Republicans aim to upset the Democratic majorities
Midterm elections are historically troublesome for the sitting president’s party, particularly in the House where every seat is up for election. In the past four midterm elections, the president’s party has lost ground in the House. This caused Republicans to lose control of the House in 2018 under President Trump and Democrats to lose control with President Obama at the helm in 2010. This pattern is less prevalent in the Senate where only about one-third of the seats are up for election.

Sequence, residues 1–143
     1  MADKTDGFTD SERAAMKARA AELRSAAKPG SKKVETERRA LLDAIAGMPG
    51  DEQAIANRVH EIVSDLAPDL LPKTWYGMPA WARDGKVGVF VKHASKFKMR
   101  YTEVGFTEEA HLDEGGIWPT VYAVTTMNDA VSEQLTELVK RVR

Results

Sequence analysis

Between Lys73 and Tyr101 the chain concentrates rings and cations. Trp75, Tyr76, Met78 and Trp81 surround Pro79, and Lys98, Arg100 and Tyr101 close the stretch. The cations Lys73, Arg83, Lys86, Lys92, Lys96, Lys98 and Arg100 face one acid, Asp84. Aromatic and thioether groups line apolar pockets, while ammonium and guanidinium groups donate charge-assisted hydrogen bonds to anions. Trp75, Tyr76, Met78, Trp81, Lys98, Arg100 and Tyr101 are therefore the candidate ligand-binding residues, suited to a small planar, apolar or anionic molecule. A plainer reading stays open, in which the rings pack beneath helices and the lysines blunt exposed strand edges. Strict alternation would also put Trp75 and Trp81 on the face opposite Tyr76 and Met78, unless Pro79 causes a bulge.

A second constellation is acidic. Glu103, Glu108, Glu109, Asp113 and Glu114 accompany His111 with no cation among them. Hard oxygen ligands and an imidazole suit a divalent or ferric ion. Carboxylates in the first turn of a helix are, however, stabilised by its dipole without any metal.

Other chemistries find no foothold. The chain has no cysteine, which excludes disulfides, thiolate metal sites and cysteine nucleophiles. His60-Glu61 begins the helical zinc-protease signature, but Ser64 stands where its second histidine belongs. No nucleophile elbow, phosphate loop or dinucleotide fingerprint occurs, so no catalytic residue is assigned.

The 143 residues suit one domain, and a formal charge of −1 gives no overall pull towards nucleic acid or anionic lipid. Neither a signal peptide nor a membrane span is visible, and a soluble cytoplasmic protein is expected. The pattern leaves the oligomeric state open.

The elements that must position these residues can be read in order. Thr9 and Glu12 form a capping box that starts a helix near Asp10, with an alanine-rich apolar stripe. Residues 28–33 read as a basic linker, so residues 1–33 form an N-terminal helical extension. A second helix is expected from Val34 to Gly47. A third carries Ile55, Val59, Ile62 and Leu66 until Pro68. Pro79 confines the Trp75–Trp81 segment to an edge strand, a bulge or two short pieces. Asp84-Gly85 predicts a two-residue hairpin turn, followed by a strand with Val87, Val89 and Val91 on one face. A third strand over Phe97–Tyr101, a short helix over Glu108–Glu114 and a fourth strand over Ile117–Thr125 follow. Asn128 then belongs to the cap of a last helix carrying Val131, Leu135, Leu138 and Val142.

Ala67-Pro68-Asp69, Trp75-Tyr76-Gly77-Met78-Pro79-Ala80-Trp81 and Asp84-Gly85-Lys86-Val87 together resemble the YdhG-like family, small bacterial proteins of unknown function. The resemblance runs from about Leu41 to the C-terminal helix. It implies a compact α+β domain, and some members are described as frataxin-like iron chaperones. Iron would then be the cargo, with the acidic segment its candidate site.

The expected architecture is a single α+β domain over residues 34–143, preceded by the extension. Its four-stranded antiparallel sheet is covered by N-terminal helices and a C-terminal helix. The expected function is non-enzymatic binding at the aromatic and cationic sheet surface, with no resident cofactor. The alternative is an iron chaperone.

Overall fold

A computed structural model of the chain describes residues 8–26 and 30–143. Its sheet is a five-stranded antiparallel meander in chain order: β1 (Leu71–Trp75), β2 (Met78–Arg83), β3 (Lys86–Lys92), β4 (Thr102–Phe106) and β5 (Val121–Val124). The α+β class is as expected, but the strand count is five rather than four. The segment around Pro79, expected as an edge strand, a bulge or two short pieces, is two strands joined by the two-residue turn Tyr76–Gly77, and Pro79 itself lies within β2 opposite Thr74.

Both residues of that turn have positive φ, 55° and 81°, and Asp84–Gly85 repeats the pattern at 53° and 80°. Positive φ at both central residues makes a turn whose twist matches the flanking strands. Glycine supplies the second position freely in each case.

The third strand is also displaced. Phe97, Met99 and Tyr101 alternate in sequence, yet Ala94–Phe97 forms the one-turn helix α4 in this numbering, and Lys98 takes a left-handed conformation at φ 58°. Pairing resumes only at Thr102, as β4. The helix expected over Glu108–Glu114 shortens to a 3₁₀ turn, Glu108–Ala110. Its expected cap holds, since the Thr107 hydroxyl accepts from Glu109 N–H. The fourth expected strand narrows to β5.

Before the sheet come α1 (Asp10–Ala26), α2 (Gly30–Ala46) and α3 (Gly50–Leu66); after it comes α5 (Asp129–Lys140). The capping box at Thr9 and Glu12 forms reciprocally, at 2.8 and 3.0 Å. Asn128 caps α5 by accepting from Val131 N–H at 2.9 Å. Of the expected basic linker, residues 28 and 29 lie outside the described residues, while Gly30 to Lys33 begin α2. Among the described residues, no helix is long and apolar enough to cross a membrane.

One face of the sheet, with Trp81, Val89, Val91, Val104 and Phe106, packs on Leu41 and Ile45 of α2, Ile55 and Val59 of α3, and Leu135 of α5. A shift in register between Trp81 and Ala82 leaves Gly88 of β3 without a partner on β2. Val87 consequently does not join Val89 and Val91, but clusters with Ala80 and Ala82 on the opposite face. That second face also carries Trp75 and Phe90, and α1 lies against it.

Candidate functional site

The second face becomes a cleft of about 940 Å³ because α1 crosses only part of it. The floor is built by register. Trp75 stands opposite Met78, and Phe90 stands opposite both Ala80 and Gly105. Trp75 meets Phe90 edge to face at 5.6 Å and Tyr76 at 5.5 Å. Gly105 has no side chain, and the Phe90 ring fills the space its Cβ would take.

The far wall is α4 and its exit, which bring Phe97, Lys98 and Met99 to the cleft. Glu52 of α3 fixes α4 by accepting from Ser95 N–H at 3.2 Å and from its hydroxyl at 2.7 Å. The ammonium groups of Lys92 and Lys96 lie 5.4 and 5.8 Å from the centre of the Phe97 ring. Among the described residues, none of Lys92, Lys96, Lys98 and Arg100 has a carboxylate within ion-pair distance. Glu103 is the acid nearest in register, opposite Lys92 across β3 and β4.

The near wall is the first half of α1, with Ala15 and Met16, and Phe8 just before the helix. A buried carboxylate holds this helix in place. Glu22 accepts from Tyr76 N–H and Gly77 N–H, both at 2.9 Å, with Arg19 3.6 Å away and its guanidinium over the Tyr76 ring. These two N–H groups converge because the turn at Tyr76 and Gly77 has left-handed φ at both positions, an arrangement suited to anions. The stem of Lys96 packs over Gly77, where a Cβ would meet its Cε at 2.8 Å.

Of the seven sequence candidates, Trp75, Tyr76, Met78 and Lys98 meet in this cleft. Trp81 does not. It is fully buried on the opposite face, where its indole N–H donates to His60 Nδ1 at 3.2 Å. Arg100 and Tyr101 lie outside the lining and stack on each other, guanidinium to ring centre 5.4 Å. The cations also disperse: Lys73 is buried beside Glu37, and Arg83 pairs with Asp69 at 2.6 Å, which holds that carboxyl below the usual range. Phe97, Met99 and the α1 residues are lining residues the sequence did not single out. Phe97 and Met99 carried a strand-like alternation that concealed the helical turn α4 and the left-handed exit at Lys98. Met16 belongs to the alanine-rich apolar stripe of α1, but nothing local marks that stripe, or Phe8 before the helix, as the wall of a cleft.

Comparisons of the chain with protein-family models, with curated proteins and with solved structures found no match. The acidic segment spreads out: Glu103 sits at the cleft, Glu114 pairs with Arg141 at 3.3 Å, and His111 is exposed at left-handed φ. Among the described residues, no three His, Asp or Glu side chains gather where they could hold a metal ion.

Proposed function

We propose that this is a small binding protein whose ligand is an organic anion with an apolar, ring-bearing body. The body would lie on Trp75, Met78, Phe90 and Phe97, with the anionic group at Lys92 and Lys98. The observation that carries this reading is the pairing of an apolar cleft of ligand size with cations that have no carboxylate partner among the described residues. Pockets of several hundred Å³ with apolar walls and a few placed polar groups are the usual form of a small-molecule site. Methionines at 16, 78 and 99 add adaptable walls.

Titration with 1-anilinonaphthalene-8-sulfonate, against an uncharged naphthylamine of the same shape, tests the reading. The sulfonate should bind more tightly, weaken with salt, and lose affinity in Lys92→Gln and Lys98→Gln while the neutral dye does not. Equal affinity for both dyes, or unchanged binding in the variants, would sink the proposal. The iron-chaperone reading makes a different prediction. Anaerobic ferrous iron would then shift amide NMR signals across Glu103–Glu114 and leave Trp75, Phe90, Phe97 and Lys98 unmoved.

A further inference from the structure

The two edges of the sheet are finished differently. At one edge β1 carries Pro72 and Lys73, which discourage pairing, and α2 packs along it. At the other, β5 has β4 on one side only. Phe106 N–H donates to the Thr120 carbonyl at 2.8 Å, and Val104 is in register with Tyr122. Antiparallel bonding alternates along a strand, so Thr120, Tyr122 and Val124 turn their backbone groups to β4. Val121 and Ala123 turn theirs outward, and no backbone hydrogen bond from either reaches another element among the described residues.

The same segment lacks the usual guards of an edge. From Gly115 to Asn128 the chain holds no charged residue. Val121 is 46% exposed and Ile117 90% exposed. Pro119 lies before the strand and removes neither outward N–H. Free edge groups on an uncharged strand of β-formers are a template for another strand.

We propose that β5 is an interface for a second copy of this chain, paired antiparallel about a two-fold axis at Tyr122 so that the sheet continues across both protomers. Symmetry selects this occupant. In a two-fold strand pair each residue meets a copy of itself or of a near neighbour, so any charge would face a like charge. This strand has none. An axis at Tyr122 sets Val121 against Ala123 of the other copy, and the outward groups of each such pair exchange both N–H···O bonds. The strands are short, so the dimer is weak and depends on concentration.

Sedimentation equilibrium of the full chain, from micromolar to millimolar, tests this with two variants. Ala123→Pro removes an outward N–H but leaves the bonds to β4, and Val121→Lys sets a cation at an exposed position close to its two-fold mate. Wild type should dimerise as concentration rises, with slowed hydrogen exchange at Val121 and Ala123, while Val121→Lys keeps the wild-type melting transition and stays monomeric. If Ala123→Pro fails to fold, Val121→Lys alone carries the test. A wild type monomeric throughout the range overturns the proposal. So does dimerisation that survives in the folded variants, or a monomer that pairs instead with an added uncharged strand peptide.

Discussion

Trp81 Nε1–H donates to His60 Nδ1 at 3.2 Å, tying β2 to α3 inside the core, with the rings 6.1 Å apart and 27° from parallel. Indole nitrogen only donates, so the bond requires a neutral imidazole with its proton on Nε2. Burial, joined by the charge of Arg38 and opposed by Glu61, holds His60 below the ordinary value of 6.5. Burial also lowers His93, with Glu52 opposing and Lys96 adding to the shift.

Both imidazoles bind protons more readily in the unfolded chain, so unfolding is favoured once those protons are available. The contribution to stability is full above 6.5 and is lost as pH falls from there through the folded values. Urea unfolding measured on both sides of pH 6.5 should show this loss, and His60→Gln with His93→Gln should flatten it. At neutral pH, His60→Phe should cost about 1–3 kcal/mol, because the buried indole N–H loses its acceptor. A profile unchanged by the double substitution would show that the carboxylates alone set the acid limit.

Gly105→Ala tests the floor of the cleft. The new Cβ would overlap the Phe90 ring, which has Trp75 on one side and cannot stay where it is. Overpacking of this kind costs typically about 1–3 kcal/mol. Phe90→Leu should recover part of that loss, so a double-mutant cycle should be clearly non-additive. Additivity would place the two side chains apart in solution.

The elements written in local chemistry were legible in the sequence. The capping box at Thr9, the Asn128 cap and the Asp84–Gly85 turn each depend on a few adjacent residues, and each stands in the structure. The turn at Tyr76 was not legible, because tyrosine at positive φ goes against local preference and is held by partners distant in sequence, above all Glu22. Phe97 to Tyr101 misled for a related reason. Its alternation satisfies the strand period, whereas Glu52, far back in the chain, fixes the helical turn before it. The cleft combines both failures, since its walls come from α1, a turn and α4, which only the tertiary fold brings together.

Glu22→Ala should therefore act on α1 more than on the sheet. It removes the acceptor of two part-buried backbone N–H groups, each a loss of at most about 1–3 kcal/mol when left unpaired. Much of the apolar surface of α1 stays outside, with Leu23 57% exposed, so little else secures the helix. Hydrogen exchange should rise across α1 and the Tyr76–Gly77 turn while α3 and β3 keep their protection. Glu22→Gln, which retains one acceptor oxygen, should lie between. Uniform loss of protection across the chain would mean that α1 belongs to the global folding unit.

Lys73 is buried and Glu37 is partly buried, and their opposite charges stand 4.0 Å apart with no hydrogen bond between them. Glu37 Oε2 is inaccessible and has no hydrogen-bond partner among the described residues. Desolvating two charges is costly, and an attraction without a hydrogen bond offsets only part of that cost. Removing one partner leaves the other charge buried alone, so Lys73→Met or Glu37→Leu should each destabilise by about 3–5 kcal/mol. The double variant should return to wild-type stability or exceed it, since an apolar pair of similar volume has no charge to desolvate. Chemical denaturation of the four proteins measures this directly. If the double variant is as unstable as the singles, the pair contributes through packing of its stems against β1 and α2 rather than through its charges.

Democrats swept through Washington, D.C., in the 2020 elections, gaining the presidency and slim majorities in both chambers of Congress. However, the 50-50 split of the Senate allows Vice President Harris to cast the tie-breaking vote, so Republicans are seeking to strike up a net gain of just one seat to win the upper chamber.
In the House, a five-seat shift to Republican candidates would be enough to take over as the majority party. Redistricting, which occurs every 10 years, has shaken up congressional districts in a number of states. State legislatures, courts, and other political entities handle the redistricting process. Both parties have engaged in intense legal battles in states where their party does not control the line-drawing process. Republicans have the edge in the reapportionment as they oversee more than twice as many seats undergoing this process as Democrats.
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